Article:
Palaeontologists study the fossils of plants and animals.
1. Entry requirements
You’ll usually need:
- a degree in botany, Earth sciences, geology, palaeontology or zoology
- 3 A levels, including maths and physics
- 5 GCSEs (A* to C) including maths, English and science
You could also do an integrated master’s qualification, like an MGeol, MBiol or MSci.
Some employers, like museums or oil and gas companies, may ask for a degree or master’s qualification.
Other employers, like universities or research institutions, will expect you to have completed, or be working towards, a PhD in your specialist area of interest.
Being able to speak a second language may also be helpful.
2. Skills required
- observation skills
- the ability to work with statistical and graphical information
- scientific and technical skills
- a methodical and logical approach to work
- the ability to produce scientific reports for publication
- attention to detail
- the ability to build good working relationships with colleagues from around the world
3. What you'll do
You could work in a university, a museum, in the oil and gas industry or for a scientific magazine or TV production company.
You’ll usually specialise in a particular area of palaeontology, like:
- invertebrate palaeontology – animals without backbones like insects
- vertebrate palaeontology – animals with backbones such as dinosaurs, birds and fish
- palaeobotany – plant, flower and seed fossils
- micropalaeontology – microfossils like plankton or pollen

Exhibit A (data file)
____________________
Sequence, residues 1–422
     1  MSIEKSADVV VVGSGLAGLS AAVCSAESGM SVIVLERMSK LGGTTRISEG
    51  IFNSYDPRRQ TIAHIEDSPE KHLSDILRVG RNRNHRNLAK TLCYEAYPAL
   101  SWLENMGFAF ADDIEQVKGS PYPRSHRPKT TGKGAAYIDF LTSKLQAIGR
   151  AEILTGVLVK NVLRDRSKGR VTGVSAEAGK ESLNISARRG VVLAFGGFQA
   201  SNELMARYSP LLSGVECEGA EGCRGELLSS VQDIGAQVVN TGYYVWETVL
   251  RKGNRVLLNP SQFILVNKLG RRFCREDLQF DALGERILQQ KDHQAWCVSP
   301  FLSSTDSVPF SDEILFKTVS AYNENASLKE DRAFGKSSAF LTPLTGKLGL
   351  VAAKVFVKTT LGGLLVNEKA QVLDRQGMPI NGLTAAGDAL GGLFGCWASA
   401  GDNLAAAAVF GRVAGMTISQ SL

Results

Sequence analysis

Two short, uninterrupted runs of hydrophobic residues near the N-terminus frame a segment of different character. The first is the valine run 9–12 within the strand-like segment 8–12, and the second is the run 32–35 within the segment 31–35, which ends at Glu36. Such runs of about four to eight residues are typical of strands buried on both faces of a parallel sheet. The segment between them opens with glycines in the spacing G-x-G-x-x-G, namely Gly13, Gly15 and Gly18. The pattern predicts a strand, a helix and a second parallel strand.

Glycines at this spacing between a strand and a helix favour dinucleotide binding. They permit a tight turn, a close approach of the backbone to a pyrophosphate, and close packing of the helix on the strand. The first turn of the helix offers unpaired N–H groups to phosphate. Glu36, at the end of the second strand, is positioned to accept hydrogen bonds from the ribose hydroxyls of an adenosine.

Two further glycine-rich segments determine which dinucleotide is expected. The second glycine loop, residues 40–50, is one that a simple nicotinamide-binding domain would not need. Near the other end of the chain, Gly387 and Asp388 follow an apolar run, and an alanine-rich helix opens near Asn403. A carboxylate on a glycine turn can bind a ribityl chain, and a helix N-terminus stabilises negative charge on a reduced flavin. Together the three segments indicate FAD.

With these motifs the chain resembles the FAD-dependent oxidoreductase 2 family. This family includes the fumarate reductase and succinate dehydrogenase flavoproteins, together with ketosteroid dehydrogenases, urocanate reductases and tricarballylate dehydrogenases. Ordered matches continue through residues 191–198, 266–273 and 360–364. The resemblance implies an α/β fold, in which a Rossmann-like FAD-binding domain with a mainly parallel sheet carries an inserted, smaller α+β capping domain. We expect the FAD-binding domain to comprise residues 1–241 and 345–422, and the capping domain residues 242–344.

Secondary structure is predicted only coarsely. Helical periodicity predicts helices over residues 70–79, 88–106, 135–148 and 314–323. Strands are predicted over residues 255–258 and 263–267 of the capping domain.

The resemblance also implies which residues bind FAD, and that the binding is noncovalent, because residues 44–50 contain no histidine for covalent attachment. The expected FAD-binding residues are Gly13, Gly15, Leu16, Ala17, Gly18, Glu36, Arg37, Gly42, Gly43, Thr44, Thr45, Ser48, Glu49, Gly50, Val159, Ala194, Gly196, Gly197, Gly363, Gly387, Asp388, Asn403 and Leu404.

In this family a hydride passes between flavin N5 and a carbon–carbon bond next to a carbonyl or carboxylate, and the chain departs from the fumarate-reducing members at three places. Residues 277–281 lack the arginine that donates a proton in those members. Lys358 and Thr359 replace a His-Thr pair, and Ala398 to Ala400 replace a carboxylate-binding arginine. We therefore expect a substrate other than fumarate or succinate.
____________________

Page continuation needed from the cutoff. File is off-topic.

Your day-to-day duties could include:
- collecting data and samples on field trips
- managing volunteers on field trips
- examining and testing samples in the lab
- doing research and publishing your findings
- planning and delivering lectures
developing courses and workshops
- recording and classifying samples and collections
- giving talks and managing displays and exhibitions
- writing articles for scientific websites and magazines
- providing expert advice for broadcasters on programmes
As a research palaeontologist, you’ll research into subjects like the causes of mass extinction.
In a museum, you’ll look after dinosaur and reptile fossil collections and displays.
Starter: £20,000 to £25,000
Experienced: £25,000 to £42,000
Highly Experienced: up to £60,000
These figures are a guide.
5. Working hours, patterns and environmentWorking hours, patterns and environment
You’ll usually work 9am to 5pm in an office or laboratory. You may need to work longer hours if you’re on a project with a deadline.
If you work on an oil rig, you could spend several weeks on an offshore platform.
In fieldwork and on research trips you could work in remote parts of the world, on land or at sea.
The work is physically demanding.
6. Career path and progressionYou could work as a geological surveyor, a consultant in mining and mineral exploration, or the oil and gas industry.
You could move into university teaching and research.
The skills you gain are also valued in the scientific media, TV and the financial sector.
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Last updated: 06 December 2016